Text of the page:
Garden Lifestyle

Tips for Keeping a Waste Free Kitchen

This holiday season is the ideal time to rethink your approach to cooking and eating. It’s easy to get started with "Waste Free Kitchen Handbook" by Dana Gunders.

Waste Free Kitchen Handbook, by Dana Gunders, is filled with easy-to-implement tips and tricks for saving money by wasting less food.

Even though I’ve been working for years to maintain a waste-free kitchen, there’s always room for improvement. I plan meals to avoid lingering leftovers, make my own vegetable stock from vegetable peels and use the freezer to preserve garden-grown produce. I’ve also written about ways to prevent food waste.

But I’m an amateur compared to Dana Gunders, author of Waste Free Kitchen Handbook, a guide to eating well and saving money by wasting less food (Chronicle Books, 2015). Gunders is a senior scientist at the Natural Resources Defense Council and a passionate advocate for preventing food waste.

Her book is certainly an eye opener.

If you’re one of the average Americans that throws away about $30 a month in uneaten food, you need her book.

Gunders breaks down the kitchen experience into smaller portions so they’re easy to digest. Her tips cover everything from smarter grocery shopping to better options for storing groceries when you get home. The Refrigerator Demystified illustrates how to stock the fridge to “help your food stay fresh the longest.”

Another useful portion is being able to make the right amount of food without waste. The table of “How Much Should I Make?” gives a list of different types of food and the amounts to plan per adult and child.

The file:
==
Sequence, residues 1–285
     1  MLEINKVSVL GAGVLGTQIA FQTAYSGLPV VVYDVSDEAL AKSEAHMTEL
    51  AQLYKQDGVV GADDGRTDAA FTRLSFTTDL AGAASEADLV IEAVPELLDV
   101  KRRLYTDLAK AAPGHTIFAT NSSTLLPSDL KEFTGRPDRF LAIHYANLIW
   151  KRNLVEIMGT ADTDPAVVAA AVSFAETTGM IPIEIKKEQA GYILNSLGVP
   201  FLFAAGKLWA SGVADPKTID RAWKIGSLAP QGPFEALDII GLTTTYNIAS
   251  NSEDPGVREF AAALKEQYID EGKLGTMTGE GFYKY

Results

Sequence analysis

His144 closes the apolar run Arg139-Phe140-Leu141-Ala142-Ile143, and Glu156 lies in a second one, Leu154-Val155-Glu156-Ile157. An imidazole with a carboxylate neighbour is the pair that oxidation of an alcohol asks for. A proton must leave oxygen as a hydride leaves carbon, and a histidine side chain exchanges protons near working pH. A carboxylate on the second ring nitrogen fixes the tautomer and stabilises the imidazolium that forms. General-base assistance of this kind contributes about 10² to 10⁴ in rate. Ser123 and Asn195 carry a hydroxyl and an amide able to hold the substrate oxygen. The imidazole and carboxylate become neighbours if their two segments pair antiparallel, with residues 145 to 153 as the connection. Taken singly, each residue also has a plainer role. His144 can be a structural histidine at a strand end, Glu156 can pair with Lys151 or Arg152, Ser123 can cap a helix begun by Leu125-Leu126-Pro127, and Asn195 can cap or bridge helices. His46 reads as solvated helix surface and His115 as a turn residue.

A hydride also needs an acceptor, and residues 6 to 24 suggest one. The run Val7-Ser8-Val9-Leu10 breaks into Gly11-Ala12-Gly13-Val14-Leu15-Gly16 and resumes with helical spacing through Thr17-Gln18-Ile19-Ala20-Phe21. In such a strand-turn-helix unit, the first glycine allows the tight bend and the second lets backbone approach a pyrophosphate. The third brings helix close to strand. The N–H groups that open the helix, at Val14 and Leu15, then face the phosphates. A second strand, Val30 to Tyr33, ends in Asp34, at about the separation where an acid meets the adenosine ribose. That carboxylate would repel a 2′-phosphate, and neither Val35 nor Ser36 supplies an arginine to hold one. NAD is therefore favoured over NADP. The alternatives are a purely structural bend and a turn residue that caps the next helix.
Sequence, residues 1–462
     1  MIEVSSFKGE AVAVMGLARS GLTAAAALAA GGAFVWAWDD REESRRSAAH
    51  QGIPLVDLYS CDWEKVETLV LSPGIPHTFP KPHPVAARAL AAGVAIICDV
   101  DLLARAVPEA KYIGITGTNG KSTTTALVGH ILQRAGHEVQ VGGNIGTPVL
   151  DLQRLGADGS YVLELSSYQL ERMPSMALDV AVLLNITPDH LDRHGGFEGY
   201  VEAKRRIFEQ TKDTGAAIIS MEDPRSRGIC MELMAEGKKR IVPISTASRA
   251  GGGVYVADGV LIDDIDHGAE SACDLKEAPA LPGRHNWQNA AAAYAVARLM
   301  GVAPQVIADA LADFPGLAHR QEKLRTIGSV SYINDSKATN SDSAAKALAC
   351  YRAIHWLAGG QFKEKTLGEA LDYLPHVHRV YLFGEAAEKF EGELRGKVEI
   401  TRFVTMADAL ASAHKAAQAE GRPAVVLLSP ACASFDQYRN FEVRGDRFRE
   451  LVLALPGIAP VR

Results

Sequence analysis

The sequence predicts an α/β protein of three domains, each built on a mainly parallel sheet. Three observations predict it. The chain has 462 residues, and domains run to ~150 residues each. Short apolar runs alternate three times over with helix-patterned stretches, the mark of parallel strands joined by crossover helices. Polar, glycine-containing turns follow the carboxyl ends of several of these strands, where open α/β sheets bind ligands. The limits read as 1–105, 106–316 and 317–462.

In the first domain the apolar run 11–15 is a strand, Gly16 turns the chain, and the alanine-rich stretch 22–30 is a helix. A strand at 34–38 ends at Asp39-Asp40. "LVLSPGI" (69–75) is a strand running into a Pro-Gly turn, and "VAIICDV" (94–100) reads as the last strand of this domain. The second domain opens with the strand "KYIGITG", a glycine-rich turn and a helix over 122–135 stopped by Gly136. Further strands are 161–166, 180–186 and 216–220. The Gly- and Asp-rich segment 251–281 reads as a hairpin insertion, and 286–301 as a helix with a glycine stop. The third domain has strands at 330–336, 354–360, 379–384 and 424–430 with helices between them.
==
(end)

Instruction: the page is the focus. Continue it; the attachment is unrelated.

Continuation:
Gunders has a good sense of humor and her lively writing keeps it interesting. The chapter on Salvaging Kitchen Crises is a good one for anyone who’s ever burned, oversalted, or overcooked a dish. Her tricks can save food from the garbage disposal.

She even gives recipes for using leftovers to create meals instead of creating trash. Broccoli Stalk Salad, Anything Goes Soup, and Sneaky Black Bean Brownies take leftovers to a new level. 

I found the section on Household Uses for Food Scraps especially enlightening. I’m looking forward to trying banana-peel shoe polish, coffee facial scrubs, and Easter egg dye. 

Vegetable gardeners will appreciate the chapter on Composting, too. Gunders gives tips for backyard composting, but also composting for apartment dwellers. Her down-to-earth ideas make it easy for anyone to get started with a bit of creative thinking.

Even if you take just a few of her tips to heart, you’ll be on your way to making a waste-free kitchen a way of life.

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